What’s a good example of a consensus mechanism? Proof of stake (PoS) and proof of work (PoW) are the most well-known consensus mechanisms, thanks to the popularity of the Bitcoin and Ethereum networks. However, they are by means the only consensus mechanisms powering the blockchain ecosystem.
What Does “Consensus” Mean in Crypto?
Let’s start with the most obvious question: What does consensus mean in the first place? Well, consensus is the process of agreeing on a single, shared version of the truth. In a blockchain network, consensus is necessary to ensure that all nodes agree on the state of the blockchain. That’s essential for preventing double spending, and for maintaining the network’s integrity.
What Is a Consensus Mechanism in Crypto?
The term “consensus mechanism” refers to a process for reaching an agreement among a group of nodes in a network. The goal of a consensus mechanism is to ensure that all of the nodes in a network agree on the state of the blockchain.
Consensus mechanisms are a crucial requirement for the proper function of any blockchain protocol. They're responsible for weeding out invalid transactions, ensuring high security levels for users, and making sure that each action is checked and validated in a matter of milliseconds.
There are many different types of consensus mechanisms, but as mentioned previously, the most common are proof of work and proof of stake.
History of Consensus Mechanisms
The concept of consensus mechanisms isn't actually new. The technology is based on a theoretical problem outlined by scientists more than 40 years ago. Called the Byzantine Generals' Problem, it poses the question of whether it's possible to form a consensus in a PC network that comprises independent nodes. Consensus mechanisms present the answer to that proposed question.
Types of Consensus Mechanisms
There are many different types of consensus mechanisms, but the most common are proof of work and proof of stake.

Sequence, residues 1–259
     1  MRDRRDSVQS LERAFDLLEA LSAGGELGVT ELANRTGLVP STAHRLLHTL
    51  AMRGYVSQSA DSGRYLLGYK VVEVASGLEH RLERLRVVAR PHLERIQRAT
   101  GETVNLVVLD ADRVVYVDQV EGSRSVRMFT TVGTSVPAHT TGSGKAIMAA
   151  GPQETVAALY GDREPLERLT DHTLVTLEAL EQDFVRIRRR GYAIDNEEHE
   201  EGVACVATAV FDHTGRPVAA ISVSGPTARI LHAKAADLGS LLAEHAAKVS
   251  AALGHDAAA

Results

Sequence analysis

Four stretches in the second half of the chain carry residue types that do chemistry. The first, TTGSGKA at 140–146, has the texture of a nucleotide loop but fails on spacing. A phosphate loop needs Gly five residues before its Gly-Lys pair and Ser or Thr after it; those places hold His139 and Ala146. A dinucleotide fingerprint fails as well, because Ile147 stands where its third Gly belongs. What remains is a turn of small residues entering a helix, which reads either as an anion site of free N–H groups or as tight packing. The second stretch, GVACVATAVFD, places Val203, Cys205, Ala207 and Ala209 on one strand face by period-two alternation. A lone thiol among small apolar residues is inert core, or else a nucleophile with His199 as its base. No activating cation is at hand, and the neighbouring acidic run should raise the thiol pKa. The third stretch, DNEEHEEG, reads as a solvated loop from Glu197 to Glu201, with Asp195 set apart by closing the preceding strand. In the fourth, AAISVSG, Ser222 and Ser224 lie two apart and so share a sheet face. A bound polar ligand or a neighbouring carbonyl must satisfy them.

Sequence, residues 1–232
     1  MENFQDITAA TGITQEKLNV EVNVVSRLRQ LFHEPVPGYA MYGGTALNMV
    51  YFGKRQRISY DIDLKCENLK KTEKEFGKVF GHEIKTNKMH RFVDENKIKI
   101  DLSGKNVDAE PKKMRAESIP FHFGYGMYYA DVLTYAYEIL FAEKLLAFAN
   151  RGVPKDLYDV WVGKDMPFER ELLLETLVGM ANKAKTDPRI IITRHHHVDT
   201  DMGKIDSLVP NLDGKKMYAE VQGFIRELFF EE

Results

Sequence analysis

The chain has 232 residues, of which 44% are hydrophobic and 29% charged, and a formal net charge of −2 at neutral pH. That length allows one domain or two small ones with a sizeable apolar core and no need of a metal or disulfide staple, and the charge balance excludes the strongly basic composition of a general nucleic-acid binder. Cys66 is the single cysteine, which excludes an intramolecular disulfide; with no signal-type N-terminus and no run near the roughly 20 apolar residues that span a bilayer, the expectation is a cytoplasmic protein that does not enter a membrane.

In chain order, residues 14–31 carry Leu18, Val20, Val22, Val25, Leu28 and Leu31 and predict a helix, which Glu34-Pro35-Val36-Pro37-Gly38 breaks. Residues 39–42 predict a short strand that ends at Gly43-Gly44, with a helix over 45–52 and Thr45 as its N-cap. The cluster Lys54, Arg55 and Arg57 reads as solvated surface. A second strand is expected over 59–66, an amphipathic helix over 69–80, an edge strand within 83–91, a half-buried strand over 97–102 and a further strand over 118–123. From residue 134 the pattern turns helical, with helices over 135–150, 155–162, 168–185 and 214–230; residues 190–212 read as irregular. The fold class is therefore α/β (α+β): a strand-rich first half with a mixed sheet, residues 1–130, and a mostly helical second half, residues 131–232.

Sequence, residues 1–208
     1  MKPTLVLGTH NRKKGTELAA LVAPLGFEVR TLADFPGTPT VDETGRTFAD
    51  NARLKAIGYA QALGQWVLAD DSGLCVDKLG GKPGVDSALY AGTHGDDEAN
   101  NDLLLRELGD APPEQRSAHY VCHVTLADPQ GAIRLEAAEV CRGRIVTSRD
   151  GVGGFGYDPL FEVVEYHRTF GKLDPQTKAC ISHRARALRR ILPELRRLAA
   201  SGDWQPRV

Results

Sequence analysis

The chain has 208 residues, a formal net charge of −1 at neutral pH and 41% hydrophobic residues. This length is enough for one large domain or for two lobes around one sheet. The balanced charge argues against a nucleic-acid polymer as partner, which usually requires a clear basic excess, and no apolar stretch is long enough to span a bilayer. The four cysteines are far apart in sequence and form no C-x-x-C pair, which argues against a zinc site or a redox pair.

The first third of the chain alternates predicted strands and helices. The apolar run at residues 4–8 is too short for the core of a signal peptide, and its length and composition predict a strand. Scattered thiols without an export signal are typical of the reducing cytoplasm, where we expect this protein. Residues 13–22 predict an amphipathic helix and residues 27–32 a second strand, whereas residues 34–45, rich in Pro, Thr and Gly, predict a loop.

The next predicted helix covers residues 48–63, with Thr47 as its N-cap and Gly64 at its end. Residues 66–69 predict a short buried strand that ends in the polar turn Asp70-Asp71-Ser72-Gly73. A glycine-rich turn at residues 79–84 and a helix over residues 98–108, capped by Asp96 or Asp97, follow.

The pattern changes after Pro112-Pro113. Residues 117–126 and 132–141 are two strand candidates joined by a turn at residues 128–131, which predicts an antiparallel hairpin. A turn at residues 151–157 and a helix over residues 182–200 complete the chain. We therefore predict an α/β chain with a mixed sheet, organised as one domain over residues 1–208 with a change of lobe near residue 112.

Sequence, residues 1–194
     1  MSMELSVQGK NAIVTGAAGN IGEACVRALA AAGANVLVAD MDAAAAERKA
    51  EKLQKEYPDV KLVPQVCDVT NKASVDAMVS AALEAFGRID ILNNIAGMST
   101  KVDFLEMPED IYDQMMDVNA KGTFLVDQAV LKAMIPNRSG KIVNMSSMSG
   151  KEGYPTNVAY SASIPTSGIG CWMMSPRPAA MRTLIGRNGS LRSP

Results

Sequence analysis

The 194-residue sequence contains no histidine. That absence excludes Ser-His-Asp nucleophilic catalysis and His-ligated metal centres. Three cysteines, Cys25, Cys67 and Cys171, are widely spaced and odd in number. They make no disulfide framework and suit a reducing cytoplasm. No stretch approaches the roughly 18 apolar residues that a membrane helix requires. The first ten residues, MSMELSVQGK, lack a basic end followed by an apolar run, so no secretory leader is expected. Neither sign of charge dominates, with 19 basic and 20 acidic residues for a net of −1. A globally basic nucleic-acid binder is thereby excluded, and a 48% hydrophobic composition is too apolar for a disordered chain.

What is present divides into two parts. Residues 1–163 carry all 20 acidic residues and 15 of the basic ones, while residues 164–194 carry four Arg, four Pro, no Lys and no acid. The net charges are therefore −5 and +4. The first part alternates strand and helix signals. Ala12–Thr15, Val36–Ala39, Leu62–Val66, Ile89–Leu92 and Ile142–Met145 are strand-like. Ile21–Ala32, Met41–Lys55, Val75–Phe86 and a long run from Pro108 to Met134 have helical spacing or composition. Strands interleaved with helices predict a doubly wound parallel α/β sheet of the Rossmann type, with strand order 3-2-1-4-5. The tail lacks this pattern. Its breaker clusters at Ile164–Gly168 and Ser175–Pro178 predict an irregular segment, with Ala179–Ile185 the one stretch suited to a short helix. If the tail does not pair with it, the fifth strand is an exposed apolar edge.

Proof of Work (PoW)
Proof of work is the most common type of consensus mechanism. In a PoW system, nodes must solve a cryptographic puzzle in order to add a new block to the blockchain. The difficulty of the puzzle is adjusted so that it takes an average of 10 minutes to solve. That means that, on average, a new block is added to the blockchain every 10 minutes.
Proof of Stake (PoS)
Proof of stake is a newer type of consensus mechanism. In a PoS system, nodes aren’t required to solve a cryptographic puzzle. Instead, they can stake their tokens in order to validate transactions. The more tokens a node has staked, the more likely it is to be chosen to validate a transaction. In simple terms, a PoS system is more energy-efficient than a PoW system.
Proof of Burn (PoB)
Proof of burn is a consensus mechanism that’s still in development. In a proof of burn system, nodes must burn a certain amount of tokens in order to add a new block to the blockchain. The idea behind proof of burn is that it will create an incentive for nodes to validate transactions. The more tokens a node burns, the more likely it is to be chosen to validate a transaction.
Proof of Capacity (PoC)
In the proof of capacity model, digital storages such as hard disks are used to store solutions to complex mathematical equations. This storage process is called plotting. After a hard disk is filled with the solutions to equations, users can utilize it to produce blocks.
Proof of Authority (PoA)
The PoA method uses a reputation-based model for validating transactions and generating new blocks. More often than not, validators within a PoA consensus are users that have been hand-picked by other high-ranking network users to act as moderators.
Proof of Activity (PoA)
Not to be confused with the aforementioned proof of authority, which uses the same abbreviation, proof of activity combines the PoW and PoS protocols, allowing users to mine and stake their tokens to validate the blocks in a blockchain’s network.
Now that you have an overview of how consensus mechanisms work, find out more about the differences between PoS and PoW.